• October 1, 2014
  • By David Myron, Editorial Director, CRM and Speech Technology magazines and SmartCustomerService.com

Are You Correctly Measuring Customer Satisfaction?

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Every once in a while, a bad customer service story goes viral, forcing CRM professionals to take a closer look at how they support customers. The Comcast example that News Editor Leonard Klie mentions in his cover story, "Should CSRs Be Paid for Performance?" is one of those cringe-worthy examples. Unfortunately, they're more common than we'd like to think. Actually, it reminds me of a bad customer experience I had with AAA.

On a winter evening after a long day at work a couple of years ago, my car wouldn't start. The battery had died. So I called AAA to request a tow-truck driver. After stating all the necessary details, the agent informed me that a driver should arrive within 30 minutes. No big deal. I then called my wife to tell her what happened and that I'd be a little late for dinner.

Well, things didn't exactly go as planned. After an hour and 20 minutes, the tow-truck driver finally arrived.

Aside from his lateness (which he apologized for), I was pleased with his service. He was friendly, courteous, professional, and helpful. And, before long, he had my car humming. That's when things took a turn for the worse.

Before I could drive off, the same AAA agent who had been handling my case called me back and asked if I was "totally satisfied" with AAA's service. I said, "I'm satisfied, but not totally satisfied," because the driver showed up so late. The agent argued that it's acceptable/common for a tow-truck driver to arrive an hour after the initial call.

Why wasn't this explained to me on the first call? Had I known this, I might have made other arrangements to get home, I thought. Instead of vocalizing this, I simply repeated my point that I was satisfied, but not "totally satisfied," which seems fair, considering the driver was so late.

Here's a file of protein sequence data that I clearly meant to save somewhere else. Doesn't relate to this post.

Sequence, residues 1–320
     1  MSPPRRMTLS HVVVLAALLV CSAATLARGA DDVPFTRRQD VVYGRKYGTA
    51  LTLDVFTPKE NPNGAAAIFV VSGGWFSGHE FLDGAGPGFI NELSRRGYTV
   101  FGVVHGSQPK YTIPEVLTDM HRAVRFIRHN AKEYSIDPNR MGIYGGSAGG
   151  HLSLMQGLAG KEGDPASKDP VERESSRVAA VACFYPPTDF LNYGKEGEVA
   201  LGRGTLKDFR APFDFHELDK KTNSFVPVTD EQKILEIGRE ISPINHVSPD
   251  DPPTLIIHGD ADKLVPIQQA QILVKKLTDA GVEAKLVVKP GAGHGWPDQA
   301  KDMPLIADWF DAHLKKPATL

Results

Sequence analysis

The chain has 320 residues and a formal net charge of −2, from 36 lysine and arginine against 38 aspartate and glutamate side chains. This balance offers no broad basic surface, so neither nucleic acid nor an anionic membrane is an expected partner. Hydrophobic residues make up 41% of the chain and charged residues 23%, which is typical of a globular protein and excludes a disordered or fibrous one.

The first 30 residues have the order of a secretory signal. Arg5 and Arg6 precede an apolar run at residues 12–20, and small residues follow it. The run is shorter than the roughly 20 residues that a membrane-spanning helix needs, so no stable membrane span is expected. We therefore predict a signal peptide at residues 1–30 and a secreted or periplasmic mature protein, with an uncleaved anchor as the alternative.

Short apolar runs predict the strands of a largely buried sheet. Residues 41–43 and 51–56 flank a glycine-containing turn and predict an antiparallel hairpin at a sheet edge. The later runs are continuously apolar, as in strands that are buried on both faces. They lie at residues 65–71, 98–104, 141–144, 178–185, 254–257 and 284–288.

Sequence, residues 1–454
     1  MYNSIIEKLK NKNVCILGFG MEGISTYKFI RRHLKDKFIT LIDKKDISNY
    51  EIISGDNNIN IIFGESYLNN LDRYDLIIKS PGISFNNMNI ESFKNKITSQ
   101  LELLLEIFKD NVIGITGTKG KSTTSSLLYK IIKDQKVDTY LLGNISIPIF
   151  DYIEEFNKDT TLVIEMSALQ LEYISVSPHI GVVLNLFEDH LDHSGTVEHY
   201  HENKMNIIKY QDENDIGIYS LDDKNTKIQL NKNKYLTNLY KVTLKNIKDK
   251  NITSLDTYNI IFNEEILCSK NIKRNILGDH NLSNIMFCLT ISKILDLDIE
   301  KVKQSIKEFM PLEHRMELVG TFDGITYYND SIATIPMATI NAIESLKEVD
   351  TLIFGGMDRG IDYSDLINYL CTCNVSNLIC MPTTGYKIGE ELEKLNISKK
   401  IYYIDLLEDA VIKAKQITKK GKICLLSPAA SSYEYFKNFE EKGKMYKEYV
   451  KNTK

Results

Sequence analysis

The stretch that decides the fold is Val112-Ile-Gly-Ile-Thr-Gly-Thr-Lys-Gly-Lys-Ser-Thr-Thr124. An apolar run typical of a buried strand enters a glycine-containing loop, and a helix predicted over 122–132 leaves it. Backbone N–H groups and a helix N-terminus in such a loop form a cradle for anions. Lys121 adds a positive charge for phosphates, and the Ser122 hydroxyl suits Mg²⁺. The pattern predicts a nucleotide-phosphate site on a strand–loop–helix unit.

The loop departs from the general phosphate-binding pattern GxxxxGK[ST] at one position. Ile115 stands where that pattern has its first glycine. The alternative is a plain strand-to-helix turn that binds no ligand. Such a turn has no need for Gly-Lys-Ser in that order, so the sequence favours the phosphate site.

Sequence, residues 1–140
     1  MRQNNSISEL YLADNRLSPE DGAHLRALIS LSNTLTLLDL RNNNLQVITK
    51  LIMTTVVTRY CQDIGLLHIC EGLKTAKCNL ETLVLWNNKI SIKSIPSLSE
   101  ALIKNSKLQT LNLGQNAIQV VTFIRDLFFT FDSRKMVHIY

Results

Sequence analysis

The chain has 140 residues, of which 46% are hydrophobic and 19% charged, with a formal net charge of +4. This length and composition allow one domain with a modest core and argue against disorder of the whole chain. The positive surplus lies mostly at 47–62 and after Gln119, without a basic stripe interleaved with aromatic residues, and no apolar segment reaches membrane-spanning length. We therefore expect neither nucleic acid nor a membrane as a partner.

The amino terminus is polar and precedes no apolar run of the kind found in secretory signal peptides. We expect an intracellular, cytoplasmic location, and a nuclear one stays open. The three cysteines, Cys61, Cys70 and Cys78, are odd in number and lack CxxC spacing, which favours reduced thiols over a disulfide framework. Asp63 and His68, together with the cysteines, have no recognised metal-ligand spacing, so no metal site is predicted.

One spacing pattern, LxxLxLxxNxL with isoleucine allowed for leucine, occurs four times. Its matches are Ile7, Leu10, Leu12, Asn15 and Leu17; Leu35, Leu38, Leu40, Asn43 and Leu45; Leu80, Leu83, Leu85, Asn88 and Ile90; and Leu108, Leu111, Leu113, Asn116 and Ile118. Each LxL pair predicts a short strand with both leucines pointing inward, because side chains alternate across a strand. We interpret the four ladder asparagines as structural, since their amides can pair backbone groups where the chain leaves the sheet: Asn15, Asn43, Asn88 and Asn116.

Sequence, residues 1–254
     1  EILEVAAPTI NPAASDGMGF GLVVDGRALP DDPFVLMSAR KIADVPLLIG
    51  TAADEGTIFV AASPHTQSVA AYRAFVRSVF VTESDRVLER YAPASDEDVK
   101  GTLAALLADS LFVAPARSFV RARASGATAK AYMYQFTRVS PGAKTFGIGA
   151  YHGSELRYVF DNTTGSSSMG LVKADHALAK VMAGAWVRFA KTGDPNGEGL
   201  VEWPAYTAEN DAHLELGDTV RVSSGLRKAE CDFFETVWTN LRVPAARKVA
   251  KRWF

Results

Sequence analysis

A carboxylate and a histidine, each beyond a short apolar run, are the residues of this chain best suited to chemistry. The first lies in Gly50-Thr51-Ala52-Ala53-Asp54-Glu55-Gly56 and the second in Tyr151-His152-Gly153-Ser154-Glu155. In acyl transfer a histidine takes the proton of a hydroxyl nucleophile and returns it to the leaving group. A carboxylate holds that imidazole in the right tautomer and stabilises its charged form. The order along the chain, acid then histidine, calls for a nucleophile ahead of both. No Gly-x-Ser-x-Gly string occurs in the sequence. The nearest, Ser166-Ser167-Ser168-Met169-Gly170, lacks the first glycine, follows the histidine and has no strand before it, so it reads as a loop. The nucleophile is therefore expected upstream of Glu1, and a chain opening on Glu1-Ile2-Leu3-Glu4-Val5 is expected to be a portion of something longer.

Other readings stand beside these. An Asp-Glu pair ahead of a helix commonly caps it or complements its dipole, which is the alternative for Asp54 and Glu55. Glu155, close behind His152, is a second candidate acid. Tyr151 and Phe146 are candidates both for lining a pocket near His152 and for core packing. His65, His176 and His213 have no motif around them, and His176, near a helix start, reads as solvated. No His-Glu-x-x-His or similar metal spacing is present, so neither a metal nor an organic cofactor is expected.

This wasn't good enough for the operator. He seemed frustrated with my response and argued the same exact point. Then, again, he asked if I was "totally satisfied" with the service.

If I didn't agree with you the first time, what makes you think repeating yourself will change my mind? But I didn't want to argue with him. I was tired, cold, and hungry, and I wanted to go home. Because of this—and because I realized he would detain me until I told him what he wanted to hear—I capitulated to get him off my back.

Clearly, there were several problems with this exchange. First, it seems silly that there aren't separate satisfaction questions—one for the driver and one for the operator. Instead, AAA had one customer satisfaction question about the entire experience. One satisfaction score for the entire experience doesn't take into account all the different people, processes, and tools that go into creating a good customer experience.

Second, the customer service rep (CSR) who handled this case should not have collected my customer feedback. For customers to give their honest opinions, they must feel a sense of anonymity, which is removed when the CSR assigned to their case also asks for feedback.

The third issue is that this CSR knows the customer satisfaction score is a reflection of his work, so he might be inclined to pressure customers into giving a higher score. In my case, it seemed the CSR was more interested in recording a high satisfaction score than in documenting how I actually felt. And instead of accepting the "satisfied" score, he badgered me into giving him a "totally satisfied" score.

So congratulations, AAA, you got what you wanted—a "totally satisfied" score from me. However, you now have an inaccurate view of my satisfaction level and made my overall customer experience worse.

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